EVERYTHING FAMILY &
"Mother of Family Ideas"
Celebrate February Holidays!
Set up a lamp or
other bright light and place your hands between the light source and a plain
wall. Make hand shadows by placing your hands in various positions. Try
making your shadow animals move. Make vocal sound effects to go with them.
Let children stand in front of the light and watch their own shadow as they
move. Have a discussion about the idea that shadows aren't scary when you
know what is making them. (You can also talk about the groundhog, Punxsutawney
Phil, and the various folklore stories that connect his shadow with the
beginning of spring. Here in Arizona, we have a rattlesnake named Agua Fria
Freddy who looks for his shadow, but we know it will be hot soon whether he
sees it or not!)
Discuss Ways to
Stand-Up for Yourself
Research in the
library or on-line and get the story of Rosa Parks. Then discuss ways that
children can stand up for themselves in a positive way. This can range from
dealing with bullies to any other conflicts children might have in their
lives. You can also talk about how a simple action can have profound and
long-ranging effects just like the simple action that Rosa took made major
changes and helped many people.
National Weather Person's Day
Make a Rain Gauge
Celebrate the weather by making a rain gauge that is equivalent to those
used by the weather bureau. Use a tall, thin jar (like the type that
holds green olives). Place masking tape vertically on the side of the
bottle. Take a #10 tin can and fill it with 1 inch of water. Pour the
water in the the tall, thin bottle and mark 1" on the masking tape
at the top of the water. Measure the distance and use the same
measurement to mark 2", 3", 4" etc. on the masking tape. If you divide
each of the segments equally into 10ths, you will be able to measure the
rain in tenths of an inch.
Place the #10 tin can
outdoors, in a pail, that is a couple of feet off the ground in a
location where it will get rain. After the rain, pour the water from the
tin can into your bottle and measure it based on the markings on the
Anniversary of the Constitution
Read the Constitution of the United States of America
Read the Preamble and discuss it. Talk about the reasons, the risks, and
the incredible results associated with this history-changing document.
Over a period of time, you could read the entire Constitution and have a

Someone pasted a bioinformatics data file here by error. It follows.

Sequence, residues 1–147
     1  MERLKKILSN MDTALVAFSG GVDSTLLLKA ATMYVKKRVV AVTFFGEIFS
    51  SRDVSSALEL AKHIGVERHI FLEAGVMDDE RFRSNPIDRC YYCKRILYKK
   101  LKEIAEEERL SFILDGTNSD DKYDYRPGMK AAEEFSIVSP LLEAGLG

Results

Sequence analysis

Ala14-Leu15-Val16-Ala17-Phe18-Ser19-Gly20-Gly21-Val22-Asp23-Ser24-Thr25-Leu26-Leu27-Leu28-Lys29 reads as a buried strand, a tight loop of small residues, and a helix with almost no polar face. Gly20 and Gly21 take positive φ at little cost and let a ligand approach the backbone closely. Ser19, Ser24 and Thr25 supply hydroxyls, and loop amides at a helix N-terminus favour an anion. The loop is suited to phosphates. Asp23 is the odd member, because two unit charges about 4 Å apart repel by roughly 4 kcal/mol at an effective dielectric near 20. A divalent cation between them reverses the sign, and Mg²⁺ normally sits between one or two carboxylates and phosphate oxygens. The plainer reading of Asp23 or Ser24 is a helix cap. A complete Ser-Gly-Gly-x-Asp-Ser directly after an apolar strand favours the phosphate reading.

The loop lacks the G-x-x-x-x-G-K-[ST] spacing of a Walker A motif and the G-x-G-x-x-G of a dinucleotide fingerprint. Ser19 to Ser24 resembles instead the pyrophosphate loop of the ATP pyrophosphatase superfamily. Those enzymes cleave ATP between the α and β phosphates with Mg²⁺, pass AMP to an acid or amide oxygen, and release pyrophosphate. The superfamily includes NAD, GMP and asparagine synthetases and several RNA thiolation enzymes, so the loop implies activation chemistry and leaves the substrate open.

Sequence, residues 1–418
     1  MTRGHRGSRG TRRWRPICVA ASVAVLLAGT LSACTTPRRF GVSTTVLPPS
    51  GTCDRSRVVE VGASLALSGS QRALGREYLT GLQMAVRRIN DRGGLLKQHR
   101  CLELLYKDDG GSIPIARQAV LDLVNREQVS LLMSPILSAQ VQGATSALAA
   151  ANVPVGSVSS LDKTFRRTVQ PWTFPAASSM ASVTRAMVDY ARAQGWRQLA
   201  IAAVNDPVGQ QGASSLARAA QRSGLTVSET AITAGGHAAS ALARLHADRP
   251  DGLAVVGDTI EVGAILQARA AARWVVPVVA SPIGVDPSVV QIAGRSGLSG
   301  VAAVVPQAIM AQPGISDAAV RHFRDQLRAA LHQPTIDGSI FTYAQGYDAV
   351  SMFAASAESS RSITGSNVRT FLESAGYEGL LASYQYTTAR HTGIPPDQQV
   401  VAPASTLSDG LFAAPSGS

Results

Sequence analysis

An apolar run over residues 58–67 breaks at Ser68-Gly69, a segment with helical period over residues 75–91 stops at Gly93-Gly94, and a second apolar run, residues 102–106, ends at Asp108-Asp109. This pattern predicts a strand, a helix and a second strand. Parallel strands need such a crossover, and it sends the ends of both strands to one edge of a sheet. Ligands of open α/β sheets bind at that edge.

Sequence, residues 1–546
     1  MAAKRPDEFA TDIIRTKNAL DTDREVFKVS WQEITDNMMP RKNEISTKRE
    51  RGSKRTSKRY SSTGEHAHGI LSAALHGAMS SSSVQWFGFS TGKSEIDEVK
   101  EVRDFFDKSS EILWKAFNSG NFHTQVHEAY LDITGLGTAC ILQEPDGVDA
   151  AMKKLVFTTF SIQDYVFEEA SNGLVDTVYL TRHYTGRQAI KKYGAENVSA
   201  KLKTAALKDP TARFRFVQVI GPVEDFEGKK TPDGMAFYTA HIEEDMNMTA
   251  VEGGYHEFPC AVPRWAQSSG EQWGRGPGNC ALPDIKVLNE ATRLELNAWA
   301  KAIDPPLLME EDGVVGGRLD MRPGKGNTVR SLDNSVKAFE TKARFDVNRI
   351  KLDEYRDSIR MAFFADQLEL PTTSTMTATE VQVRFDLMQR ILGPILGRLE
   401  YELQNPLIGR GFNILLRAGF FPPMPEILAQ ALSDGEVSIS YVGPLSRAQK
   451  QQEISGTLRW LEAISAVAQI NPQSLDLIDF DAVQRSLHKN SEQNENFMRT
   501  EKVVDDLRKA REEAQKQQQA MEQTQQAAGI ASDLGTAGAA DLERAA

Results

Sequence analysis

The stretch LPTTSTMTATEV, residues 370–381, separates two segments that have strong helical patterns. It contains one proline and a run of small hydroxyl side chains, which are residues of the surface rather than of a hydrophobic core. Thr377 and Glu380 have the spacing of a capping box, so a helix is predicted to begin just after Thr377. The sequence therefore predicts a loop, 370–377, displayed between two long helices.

series of discussions about the contents.
Laura Ingalls Wilder's Birthday
Read a Little House on the Prairie Story.
Most people are familiar with the television series based
on the author's books and watching a video of an episode is one way to
celebrate Laura's birthday. However, reading one of the stories together
(even over a period of days or weeks), is a terrific way to build
relationships, make some memories, and learn about history too.
Boy Scouts' Day
Do a Good Deed
Whether or not you have a child who is a Scout, it's always a good thing
to do a good dead. Teach children to be considerate and look out for the
needs of those around them. A good deed is something that is done to
help someone with no expectation of recognition or reward.
Make a Tooth-Brushing Chart
The best way to avoid having a toothache is to take good care of your
teeth. Encourage children to develop good dental habits by making a
chart where they can check off a box when then have brushed, and flossed
during the day. You can include other hygiene habits or foods to eat for
good health on the same chart.
Take a walk
with an umbrella
Even if it isn't
raining--or if, perhaps, it's snowing--just take a walk and take an umbrella
with you. Make it fun. Laugh and tell jokes along the way. Use your umbrella
to pretend you are a tightrope walker and are using it for balance. You
might pretend you are a "Southern Belle" with your umbrella. Close it and
use it as a cane to do a dance along the way. Of course if it IS
raining, you will be protected while you walk and splash in the puddles.
(However, if there is lightning, take the walk another time, for safety's
Fill an empty box
with "stuff" from which inventions can be made. Include pieces of wire, wood
scraps, drinking straws, string, push pins, safety pins, various nails,
screws and small pieces of hardware, tape, pipe cleaners, buttons, plastic